Jo held her breath. Some people accepted that part of her spiel, and some people didn't. To her eye the cantankerous senator looked like one who wouldn't. But she was saved from further negotiations, by of all things, an attorney.
Therese laughed and patted the politician on the thigh.
"She's right y'know, Nay. You're just gonna have to lie back and enjoy it."
Jo had to give the senator credit. She recovered well.
"Pass me that bottle of champagne and I'll think about it," she replied grudgingly.
Jo grinned, winking at Cadie who had flashed her an apologetic look for her partner's stubborn streak.
"Look's like it's Blue Pearl Bay then?" She waited as affirmatives came from around the cockpit. "Okay, let's go."
Paul and Jenny swung into action, asking for volunteers and giving quick tutorials to those willing to get involved in the action. Jo dropped down into the cockpit and made her way to the helm.
It didn't take long for them to be on the move, using the engine to manouever the yacht out of the marina towards the harbour mouth and then through into open water. The breeze had picked up since the morning and Jo was sure she could coax the Seawolf up to nine or 10 knots for the fast run downwind to Hayman Island. Her passengers were in for a treat.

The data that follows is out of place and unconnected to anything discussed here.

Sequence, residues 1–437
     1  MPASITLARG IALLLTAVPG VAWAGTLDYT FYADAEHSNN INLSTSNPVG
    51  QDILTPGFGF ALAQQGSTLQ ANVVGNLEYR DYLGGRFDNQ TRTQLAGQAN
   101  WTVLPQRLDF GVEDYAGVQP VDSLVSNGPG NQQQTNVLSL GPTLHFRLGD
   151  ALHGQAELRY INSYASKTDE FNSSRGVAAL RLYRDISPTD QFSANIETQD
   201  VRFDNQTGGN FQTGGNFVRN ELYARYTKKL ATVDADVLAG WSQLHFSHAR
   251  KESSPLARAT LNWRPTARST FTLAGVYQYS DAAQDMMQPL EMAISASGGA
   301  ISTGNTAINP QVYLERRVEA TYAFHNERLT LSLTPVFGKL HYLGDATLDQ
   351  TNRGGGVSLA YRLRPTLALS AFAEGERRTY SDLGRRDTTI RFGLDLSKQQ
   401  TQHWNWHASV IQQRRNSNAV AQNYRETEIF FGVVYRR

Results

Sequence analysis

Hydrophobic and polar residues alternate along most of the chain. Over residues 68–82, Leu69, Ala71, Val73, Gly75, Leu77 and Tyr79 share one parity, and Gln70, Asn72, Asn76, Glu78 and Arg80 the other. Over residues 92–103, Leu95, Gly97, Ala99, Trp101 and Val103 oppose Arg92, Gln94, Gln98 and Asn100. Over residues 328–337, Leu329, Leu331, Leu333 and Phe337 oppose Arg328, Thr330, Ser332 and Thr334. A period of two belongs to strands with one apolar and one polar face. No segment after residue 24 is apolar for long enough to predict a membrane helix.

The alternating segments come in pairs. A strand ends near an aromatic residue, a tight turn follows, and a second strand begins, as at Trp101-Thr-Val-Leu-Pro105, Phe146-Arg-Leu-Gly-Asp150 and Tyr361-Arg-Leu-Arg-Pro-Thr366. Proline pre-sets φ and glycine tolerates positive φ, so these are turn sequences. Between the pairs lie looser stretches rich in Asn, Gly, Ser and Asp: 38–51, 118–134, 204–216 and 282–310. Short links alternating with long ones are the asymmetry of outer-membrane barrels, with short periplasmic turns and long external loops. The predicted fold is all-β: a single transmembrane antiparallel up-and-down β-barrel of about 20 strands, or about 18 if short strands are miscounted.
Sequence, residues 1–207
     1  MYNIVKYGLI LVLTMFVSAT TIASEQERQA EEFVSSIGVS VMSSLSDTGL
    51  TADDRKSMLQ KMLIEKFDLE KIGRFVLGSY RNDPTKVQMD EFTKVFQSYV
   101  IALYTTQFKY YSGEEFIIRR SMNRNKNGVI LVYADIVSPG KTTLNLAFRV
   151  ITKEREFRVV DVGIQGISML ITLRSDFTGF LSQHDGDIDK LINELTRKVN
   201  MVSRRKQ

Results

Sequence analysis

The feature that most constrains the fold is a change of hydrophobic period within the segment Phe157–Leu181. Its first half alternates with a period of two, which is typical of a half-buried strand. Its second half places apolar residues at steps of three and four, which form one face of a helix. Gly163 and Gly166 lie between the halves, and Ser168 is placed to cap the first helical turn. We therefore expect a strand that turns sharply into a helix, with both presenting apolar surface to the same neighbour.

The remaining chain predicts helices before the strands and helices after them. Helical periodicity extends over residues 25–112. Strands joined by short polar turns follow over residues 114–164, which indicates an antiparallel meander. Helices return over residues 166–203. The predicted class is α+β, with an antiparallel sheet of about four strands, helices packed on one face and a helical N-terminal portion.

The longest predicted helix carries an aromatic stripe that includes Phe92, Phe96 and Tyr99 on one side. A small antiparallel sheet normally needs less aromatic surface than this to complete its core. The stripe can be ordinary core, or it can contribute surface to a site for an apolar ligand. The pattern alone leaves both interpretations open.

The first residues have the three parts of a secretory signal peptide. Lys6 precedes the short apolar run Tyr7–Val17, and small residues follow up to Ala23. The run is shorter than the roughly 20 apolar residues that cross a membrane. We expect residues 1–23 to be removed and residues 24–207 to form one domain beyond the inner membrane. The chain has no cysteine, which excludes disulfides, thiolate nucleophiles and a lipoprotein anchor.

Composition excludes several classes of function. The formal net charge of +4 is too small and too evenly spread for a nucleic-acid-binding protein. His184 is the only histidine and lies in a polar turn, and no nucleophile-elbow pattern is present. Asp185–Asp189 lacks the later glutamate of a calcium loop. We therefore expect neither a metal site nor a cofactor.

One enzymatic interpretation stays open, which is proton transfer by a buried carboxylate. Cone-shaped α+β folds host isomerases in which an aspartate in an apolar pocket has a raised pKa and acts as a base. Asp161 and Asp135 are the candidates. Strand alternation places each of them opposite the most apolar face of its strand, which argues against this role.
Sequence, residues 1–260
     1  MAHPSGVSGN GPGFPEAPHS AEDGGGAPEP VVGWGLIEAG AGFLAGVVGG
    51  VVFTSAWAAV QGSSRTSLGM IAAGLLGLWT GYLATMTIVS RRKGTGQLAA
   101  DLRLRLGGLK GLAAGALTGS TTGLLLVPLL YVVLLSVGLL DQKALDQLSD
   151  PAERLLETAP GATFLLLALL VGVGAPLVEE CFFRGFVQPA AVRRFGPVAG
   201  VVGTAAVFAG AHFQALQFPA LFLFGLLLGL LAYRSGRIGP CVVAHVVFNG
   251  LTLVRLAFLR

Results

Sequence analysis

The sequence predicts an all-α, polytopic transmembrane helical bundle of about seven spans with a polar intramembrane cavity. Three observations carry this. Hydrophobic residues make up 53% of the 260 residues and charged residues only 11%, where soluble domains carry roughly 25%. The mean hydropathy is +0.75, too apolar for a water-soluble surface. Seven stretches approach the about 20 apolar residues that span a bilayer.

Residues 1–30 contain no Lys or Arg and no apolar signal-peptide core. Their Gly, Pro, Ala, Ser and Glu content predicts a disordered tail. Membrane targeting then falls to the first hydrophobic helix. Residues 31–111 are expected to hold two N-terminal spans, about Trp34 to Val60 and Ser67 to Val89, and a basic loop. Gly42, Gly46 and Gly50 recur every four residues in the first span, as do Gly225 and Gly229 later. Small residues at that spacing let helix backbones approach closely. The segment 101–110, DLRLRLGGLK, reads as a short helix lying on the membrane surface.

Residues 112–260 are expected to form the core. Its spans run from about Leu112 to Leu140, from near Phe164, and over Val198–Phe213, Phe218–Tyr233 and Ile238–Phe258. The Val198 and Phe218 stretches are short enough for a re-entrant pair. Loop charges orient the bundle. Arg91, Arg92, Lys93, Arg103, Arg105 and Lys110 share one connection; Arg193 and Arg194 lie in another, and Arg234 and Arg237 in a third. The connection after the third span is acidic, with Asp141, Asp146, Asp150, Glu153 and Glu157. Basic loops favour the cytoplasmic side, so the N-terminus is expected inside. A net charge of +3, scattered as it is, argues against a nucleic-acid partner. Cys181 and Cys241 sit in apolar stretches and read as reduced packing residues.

Cadie was exhilerated. She had volunteered immediately for crewing duties and had helped Jenny hoist the mainsail while Toby and Jason manned the big winch known as the coffee-grinder. Paul and Jo had shouted encouragement to the new recruits as the yacht had slipped through the narrow entrance into open water just as the mainsail was lifting and filling with wind.
It had been harder work physically than she was expecting but she certainly didn't mind that. She felt satisfied and intrigued by the feeling of the moving boat under her feet. It's a bit like riding a horse, she thought as she made her way forward, fighting to keep her balance, without looking like too much of a landlubber.
Landlubber ... was that really a word? Cadie found herself giggling as she reached the prow of the yacht. She was pleased to find a waist-high rail around the point - she made a note to ask Jo what that was called - and she carefully wedged herself in.